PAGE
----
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Bittersweet Anticipation: Expecting The Expected

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Ben Dolnick is a writer based in Brooklyn.

Lately, just in time for Christmas, I've discovered that I've been acting in a play. A kind of holiday pageant, really. Working title: Things Are Always Better Before You Have Them.

Act One: I learn about the existence of something I want. Say, a book. (Ooh, a book of letters between William Maxwell and Eudora Welty!)

Act Two: I add the book to my Amazon wish list, which I proceed to circulate shamelessly to my family.

Act Three: I receive the object, put it on my nightstand and forget about it — at least until the following Christmas; possibly forever.

This plot, now that I've become aware of it, seems to play as central a role in my life as the ticking-time-bomb plot does in 24. I see it in the eagerness with which I await the cheerful ding of a new email message and then the speed with which it joins the un-bolded others. I see it in the crisp promise of a newly arrived magazine, soon to join the rumpled stack on the coffee table. I see it in the meal, sizzling in the waiter's hands, mere minutes from becoming a lukewarm and poorly chosen heap on my plate.

I seem to spend disturbing quantities of my life arcing from anticipation to indifference (with a fleeting, occasional stop at fulfillment), and, now that I've recognized this trajectory, I find myself madly envious of the people who've managed to escape it.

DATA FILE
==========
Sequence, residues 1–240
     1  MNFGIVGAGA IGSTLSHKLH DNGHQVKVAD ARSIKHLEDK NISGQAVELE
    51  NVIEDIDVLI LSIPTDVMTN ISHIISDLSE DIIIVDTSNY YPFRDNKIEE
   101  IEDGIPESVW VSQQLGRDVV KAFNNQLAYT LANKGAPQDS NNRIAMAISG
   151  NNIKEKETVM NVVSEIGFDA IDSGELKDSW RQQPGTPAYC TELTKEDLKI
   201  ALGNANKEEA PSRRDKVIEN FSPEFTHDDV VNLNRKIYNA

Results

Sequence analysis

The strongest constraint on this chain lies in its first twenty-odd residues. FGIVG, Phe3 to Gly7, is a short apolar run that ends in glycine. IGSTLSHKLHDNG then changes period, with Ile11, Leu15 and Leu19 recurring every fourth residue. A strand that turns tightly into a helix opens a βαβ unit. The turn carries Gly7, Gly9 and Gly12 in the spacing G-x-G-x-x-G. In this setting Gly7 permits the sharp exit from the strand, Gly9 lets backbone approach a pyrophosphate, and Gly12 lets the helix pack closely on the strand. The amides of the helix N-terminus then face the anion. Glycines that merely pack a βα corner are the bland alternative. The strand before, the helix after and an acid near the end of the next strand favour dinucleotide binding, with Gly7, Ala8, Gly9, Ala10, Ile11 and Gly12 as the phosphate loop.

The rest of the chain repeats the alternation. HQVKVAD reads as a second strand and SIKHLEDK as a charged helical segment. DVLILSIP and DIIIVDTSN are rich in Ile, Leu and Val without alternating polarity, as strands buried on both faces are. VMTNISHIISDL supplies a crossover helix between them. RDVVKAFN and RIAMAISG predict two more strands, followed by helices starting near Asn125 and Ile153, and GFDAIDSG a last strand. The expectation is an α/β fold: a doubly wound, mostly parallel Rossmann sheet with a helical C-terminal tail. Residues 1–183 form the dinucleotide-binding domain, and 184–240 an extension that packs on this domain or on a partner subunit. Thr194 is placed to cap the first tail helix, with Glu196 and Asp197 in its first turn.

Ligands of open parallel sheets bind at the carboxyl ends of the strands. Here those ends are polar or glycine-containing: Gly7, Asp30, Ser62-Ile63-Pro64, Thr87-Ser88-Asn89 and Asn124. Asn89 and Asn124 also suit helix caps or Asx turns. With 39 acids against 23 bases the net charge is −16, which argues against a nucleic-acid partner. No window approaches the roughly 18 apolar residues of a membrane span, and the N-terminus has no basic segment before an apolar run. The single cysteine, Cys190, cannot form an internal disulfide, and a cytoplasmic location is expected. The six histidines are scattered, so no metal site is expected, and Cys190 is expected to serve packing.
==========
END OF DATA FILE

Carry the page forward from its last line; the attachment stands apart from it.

I refer not to monks, or even to those with sensibly researched wish lists. Instead I'm thinking of the die-hards who continue to believe that somewhere a perfect Republican presidential nominee is waiting in the wings. The basketball fans who insist that Arvydas Sabonis would be the greatest player of all time, if not for that small matter of having injured seemingly everything below his neck. And the art-lovers who keep themselves warm with the thought of Vermeer's still-undiscovered masterpieces.

What have these people done, after all, if not placed Amazon orders that will never be subject to the indignity of arrival? What better place to take up residence than in a paradise that can never be invaded by pesky reality?

Maybe Amazon should, it occurs to me, open a new warehouse devoted entirely to losing packages, leaving customers in a permanent state of anticipation. And maybe Rick Perry should hold a press conference at which he announces his intention to withdraw from the race so as to resume considering whether to enter. Nothing is so perfect as that which never gets to be experienced, and nothing is so alluring as the thought that the next job, the next book, the next president is finally going to be the souffle that doesn't fall between the oven and the table.

Maybe monk-hood really is the best solution. Or, barring that, a pledge to let myself be surprised on Christmas, to cast my wish list overboard. In the meantime, though, have you heard about this new Cook's Illustrated cookbook? It's supposed to be amazing.

Copyright 2011 National Public Radio. To see more, visit http://www.npr.org/.

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